Population Ageing and Future Demand for Old-Age and Disability Pensions in Germany – A Probabilistic Approach
Industrialised economies are experiencing a decline in mortality alongside low fertility rates – a situation that puts social security systems under severe pressure. Population ageing is associated not only with longer periods of pension claims but also smaller cohorts eventually entering the labour market. This threatens the sustainability of pay-as-you-go social security systems for implementing or further improving appropriate reform measures; adequate forecasts of the future population structure are needed.
We propose a probabilistic approach to forecast the number of pensions in Germany up to 2040. Our model considers trends in population development, labour force participation, and early retirement, as well as the effects of pension reforms. Principal component analysis is used to manage the high degree of complexity involved in forecasting trends in old-age and disability pension claims, which arises because of cross-correlations between old-age and disability pension rates, different age groups, and gender. Time series methods enable the inclusion of autocorrelations of the pension rate time series in the model. Monte Carlo simulation is used to quantify future risk. The latter is an important feature of our model, as the future development of the population and, eventually, the pension claims and the financial burden resulting from those claims, are highly stochastic.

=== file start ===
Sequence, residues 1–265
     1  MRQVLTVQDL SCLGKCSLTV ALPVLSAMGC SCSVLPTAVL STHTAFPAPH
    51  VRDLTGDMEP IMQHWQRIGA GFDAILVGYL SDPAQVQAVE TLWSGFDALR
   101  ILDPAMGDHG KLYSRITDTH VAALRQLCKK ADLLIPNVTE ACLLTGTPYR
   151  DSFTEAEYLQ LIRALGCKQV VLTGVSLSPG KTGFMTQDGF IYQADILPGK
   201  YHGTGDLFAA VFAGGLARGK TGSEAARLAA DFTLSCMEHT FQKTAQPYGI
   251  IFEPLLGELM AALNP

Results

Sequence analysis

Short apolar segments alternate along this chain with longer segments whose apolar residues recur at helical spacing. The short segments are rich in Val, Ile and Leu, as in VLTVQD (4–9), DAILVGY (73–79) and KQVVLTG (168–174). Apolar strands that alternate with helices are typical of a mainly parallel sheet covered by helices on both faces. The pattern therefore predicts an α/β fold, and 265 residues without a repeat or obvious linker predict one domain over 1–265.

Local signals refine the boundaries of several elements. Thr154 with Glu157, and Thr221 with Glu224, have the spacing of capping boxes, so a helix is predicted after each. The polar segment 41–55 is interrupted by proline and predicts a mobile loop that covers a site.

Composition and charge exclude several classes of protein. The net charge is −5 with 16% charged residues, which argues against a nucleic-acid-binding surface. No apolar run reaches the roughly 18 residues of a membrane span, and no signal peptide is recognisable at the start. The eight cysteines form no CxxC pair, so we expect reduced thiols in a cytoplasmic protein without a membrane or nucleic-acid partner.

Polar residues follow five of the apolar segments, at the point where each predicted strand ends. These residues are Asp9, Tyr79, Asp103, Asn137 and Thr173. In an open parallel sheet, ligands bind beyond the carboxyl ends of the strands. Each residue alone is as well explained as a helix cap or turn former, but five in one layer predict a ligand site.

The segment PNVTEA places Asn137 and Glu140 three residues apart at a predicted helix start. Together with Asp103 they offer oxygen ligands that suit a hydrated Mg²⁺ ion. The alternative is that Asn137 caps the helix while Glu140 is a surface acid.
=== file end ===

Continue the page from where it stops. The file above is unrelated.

The model predicts that, in the median trajectory, the number of old-age pensions will increase by almost 5 million between 2017 and 2036, alongside increases in the number of disability pensions by 2036. These numbers take account of the increase in legal retirement ages as part of the 2007 pension reform. After the mid-2030s, however, a moderate decrease can be expected. The results show a clear need for further reforms, especially in the medium term.
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